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A will to youth: The woman’s anti-aging elixir


  • Smirnova, Michelle Hannah


The logic and cultural myths that buttress the cosmeceutical industry construct the older woman as a victim of old age, part of an “at-risk” population who must monitor, treat and prevent any markers of old age. A content and discourse analysis of 124 advertisements from the US More magazine between 1998 and 2008, revealed three major themes working together to produce this civic duty: (1) the inclusion of scientific and medical authorities in order to define the cosmeceutical as a ‘drug’ curing a disease, (2) descriptions of the similarities (and differences) between the abilities of cosmeceuticals and cosmetic surgery to restore one’s youth, and (3) the logic equating youth with beauty, femininity and power and older age with the absence of these qualities. Together these intersecting logics produce the “will to youth”—the imperative of the aging woman to promote her youthful appearance by any and all available means. Further, by using images and references to fantasies and traditional fairytales, cosmeceutical advertisements both promise and normalize expectations of eternal youth of the aging woman.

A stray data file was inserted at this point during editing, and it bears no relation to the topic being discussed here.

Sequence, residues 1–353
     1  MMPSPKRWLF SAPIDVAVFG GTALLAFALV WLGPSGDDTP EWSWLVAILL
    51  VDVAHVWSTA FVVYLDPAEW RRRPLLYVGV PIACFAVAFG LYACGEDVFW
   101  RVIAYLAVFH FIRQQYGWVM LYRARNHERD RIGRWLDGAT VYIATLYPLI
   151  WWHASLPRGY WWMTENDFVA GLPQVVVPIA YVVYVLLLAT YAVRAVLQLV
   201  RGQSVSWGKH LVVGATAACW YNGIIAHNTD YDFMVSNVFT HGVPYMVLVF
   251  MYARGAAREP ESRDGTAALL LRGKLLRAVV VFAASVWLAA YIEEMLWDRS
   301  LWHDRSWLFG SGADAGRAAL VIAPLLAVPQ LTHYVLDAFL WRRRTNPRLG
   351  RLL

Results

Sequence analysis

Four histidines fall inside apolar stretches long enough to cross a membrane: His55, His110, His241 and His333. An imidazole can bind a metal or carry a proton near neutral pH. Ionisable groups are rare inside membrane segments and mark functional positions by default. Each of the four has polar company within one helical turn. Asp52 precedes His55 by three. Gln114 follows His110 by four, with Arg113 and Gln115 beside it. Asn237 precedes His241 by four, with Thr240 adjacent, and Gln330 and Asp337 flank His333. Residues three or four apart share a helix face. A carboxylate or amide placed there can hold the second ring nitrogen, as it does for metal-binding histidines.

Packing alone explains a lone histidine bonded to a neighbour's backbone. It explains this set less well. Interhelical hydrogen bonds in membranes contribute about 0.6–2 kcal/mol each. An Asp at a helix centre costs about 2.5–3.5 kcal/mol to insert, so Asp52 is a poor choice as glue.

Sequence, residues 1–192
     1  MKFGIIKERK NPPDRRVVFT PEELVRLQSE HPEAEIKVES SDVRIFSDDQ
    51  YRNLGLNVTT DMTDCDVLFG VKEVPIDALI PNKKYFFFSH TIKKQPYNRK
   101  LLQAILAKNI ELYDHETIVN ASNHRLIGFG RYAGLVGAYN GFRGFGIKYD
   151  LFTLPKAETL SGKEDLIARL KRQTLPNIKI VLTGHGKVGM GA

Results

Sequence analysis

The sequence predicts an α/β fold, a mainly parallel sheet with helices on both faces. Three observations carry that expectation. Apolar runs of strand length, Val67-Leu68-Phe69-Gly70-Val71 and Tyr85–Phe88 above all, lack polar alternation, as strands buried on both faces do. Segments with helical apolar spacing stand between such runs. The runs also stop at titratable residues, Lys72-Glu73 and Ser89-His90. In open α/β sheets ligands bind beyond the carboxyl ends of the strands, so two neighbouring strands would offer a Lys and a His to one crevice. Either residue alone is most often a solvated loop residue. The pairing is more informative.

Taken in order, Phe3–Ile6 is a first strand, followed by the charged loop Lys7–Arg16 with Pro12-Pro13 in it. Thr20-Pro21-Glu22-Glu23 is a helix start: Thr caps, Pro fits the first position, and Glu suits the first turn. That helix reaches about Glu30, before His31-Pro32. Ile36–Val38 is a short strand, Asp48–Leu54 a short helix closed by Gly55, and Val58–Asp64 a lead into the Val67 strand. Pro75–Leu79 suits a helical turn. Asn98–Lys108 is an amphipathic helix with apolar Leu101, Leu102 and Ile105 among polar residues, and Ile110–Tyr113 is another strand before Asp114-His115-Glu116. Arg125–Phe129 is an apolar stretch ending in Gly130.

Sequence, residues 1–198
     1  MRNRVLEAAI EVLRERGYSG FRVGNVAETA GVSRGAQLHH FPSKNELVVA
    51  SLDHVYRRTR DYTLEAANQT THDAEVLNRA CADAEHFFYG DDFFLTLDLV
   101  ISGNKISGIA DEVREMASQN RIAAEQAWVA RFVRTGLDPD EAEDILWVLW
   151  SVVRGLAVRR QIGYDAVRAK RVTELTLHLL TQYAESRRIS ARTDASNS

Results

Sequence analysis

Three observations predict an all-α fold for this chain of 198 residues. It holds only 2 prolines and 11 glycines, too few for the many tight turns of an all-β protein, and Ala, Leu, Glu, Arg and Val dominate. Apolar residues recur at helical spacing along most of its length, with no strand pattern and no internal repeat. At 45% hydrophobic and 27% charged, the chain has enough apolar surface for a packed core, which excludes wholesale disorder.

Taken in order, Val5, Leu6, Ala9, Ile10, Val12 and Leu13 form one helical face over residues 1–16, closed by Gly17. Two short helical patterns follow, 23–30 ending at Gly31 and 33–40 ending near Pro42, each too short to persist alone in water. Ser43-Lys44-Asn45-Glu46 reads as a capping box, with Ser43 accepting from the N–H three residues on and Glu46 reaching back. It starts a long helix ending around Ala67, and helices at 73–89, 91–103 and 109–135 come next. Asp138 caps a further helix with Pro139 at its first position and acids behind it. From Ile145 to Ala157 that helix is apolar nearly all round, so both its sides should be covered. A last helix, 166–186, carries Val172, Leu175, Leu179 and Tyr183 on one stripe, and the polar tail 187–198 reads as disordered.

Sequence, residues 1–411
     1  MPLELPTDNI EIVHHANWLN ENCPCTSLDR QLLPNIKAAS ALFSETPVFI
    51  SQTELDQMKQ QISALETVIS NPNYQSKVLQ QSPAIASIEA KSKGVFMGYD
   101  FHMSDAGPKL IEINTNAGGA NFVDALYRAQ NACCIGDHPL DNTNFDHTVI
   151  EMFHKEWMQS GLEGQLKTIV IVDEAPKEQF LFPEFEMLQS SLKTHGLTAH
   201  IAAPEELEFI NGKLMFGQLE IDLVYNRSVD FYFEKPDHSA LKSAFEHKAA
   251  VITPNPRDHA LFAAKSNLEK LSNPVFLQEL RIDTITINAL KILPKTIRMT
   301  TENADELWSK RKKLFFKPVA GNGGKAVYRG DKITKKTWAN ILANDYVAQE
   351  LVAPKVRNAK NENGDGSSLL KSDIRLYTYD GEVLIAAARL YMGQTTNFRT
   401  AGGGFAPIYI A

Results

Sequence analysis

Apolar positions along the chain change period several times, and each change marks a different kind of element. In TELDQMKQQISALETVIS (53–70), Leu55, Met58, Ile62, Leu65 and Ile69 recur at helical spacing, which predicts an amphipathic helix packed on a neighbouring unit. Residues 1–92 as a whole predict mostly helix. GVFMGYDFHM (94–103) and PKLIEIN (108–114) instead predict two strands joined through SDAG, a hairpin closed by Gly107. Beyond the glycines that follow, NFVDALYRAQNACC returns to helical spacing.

Suggested Citation

  • Smirnova, Michelle Hannah, 2012. "A will to youth: The woman’s anti-aging elixir," Social Science & Medicine, Elsevier, vol. 75(7), pages 1236-1243.
  • Handle: RePEc:eee:socmed:v:75:y:2012:i:7:p:1236-1243 DOI: 10.1016/j.socscimed.2012.02.061

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    References listed on IDEAS

    1. Jeho Lee, 2003. "Innovation and Strategic Divergence: An Empirical Study of the U.S. Pharmaceutical Industry from 1920 to 1960," Management Science, INFORMS, vol. 49(2), pages 143-159, February.
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    Cited by:

    1. Eaves, Emery R., 2015. "“Just Advil”: Harm reduction and identity construction in the consumption of over-the-counter medication for chronic pain," Social Science & Medicine, Elsevier, vol. 146(C), pages 147-154.


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